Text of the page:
Potential benefits of intermittent fasting
Although intermittent fasting is not superior to traditional caloric restriction, there are some situations in which it can be a helpful tool for some people. At the end of the day, some form of dietary restriction is necessary for fat loss and the best form of restriction for you is going to depend on your personal preferences.
If you’re someone who doesn’t necessarily mind fasting and enjoys eating bigger meals in a short period of time, intermittent fasting may be useful for you. Intermittent fasting fasting is simple and easy to implement. All you do is limit the amount of time you spend eating. Some people may not want to go through the “hassle” of tracking calories and therefore, intermittent fasting may seem easier. Second, intermittent fasting does seem to result in reduced caloric intake without tracking calories. If your goal is to lose weight and you can reduce your calories by spending less time eating, then it can certainly be helpful for weight loss.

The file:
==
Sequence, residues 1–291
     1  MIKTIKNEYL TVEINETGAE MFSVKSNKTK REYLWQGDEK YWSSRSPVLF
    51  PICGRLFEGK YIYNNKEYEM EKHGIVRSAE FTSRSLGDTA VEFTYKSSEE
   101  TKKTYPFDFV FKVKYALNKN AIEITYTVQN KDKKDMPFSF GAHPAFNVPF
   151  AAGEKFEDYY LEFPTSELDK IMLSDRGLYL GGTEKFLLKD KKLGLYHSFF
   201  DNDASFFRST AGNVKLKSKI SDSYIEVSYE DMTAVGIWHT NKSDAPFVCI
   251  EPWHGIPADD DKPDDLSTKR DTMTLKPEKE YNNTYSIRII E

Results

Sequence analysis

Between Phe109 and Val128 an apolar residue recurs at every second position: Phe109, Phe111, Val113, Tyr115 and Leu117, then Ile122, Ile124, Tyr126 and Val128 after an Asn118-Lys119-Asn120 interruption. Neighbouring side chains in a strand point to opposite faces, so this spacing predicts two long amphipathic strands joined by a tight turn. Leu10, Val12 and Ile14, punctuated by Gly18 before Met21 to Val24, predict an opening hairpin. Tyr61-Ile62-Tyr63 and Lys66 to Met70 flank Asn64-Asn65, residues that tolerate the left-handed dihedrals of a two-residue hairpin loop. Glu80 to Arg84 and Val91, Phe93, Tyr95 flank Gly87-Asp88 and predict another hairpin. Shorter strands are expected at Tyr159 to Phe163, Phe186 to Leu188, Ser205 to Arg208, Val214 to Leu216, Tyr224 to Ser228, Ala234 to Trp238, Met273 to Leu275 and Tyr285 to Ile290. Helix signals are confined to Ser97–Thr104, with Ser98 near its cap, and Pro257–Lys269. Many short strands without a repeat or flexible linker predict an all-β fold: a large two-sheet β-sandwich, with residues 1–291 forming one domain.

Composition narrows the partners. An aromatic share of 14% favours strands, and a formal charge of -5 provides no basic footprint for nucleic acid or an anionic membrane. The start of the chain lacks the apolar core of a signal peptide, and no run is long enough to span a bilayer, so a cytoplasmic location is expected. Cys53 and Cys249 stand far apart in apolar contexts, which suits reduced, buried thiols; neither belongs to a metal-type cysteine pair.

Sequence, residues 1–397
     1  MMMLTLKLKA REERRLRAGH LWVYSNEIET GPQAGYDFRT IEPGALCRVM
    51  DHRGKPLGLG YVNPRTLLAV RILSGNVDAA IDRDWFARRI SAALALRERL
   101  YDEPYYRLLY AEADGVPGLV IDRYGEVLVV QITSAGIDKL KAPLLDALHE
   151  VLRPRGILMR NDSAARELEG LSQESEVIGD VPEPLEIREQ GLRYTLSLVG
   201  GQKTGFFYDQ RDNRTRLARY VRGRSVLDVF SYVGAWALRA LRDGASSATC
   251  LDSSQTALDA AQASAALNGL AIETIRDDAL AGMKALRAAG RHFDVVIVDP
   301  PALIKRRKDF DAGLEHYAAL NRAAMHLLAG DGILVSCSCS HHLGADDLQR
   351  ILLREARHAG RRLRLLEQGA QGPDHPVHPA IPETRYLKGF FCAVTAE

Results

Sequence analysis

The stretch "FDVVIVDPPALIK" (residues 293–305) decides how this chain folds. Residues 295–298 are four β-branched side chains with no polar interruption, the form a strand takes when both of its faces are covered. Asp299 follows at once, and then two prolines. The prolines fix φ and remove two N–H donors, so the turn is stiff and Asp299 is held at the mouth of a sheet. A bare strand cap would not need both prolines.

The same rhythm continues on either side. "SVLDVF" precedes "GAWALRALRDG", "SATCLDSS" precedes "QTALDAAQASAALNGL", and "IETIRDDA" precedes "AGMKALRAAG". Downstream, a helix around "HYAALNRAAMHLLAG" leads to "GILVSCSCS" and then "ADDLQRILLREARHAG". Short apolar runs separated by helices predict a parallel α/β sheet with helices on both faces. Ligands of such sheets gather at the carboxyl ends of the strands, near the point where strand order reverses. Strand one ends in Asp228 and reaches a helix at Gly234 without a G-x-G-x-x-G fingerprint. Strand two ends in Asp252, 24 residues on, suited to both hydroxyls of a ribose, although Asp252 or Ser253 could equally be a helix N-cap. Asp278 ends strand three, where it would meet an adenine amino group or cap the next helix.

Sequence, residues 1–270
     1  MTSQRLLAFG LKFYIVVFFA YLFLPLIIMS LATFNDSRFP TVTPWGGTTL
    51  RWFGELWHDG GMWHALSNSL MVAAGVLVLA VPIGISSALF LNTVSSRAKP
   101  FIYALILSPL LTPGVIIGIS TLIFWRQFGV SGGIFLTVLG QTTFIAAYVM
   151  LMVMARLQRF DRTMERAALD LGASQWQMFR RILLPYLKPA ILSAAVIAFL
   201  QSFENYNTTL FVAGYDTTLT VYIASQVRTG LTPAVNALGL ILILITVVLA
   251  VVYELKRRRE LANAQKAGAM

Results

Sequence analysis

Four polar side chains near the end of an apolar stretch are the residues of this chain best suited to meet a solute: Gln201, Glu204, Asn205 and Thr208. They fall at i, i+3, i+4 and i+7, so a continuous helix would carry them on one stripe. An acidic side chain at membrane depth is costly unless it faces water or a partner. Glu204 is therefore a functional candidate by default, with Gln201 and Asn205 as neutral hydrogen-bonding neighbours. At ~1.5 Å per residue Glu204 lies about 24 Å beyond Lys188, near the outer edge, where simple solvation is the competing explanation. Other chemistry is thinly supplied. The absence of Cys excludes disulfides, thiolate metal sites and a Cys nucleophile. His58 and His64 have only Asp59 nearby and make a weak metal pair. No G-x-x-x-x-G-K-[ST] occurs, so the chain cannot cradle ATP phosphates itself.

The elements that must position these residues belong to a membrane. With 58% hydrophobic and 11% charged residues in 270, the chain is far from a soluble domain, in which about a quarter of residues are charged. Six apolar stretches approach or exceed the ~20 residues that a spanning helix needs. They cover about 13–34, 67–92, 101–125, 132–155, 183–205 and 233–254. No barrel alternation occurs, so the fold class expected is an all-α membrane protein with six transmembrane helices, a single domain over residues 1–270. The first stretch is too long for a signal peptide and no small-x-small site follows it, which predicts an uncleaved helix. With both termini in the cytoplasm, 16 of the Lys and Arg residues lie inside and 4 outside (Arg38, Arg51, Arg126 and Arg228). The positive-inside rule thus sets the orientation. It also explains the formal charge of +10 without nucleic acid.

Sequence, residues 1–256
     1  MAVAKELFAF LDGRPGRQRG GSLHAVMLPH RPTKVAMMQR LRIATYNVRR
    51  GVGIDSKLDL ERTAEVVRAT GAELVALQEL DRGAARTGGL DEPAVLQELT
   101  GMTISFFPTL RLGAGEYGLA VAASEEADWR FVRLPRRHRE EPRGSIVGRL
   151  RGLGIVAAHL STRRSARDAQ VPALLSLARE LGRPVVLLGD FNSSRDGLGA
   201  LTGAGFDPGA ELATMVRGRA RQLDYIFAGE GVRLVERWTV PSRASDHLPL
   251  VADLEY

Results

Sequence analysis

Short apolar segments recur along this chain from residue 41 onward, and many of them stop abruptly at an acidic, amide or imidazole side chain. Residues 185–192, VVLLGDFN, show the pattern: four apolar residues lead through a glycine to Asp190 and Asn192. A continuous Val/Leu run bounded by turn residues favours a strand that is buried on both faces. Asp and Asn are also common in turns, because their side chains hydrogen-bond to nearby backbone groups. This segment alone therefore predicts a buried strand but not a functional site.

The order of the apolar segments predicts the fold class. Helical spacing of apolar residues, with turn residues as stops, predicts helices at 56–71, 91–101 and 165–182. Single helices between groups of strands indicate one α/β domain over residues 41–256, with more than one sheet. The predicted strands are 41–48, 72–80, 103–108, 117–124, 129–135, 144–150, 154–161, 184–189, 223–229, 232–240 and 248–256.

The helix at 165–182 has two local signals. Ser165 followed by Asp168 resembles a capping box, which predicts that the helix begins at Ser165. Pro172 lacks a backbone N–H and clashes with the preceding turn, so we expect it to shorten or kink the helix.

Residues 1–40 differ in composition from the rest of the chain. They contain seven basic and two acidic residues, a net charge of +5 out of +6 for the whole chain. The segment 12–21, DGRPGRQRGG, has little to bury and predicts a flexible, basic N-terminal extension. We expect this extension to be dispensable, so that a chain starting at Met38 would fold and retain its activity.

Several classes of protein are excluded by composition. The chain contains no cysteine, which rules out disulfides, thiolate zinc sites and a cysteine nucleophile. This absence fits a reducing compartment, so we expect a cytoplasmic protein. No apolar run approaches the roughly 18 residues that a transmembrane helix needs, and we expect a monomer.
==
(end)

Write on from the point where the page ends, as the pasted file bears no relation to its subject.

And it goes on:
Again, while it may not be “optimal” for fat loss, it doesn’t mean that it’s completely useless. Many people enjoy eating this way, it fits their lifestyle, and they have tremendous success with it.
Potential downsides of intermittent fasting
Just as there are potential benefits, there are also potential negative impacts of intermittent fasting. First off, limiting your food intake to only 6-8 hours per day can be tough for some people. Although some claim that “you get used to it”, the transitionary period can be rough and you might experience intense hunger throughout your fast. An easy way to mitigate that, however, would be to slowly transition into your fasting window. Nonetheless, some individuals just prefer traditional caloric restriction rather than fasting.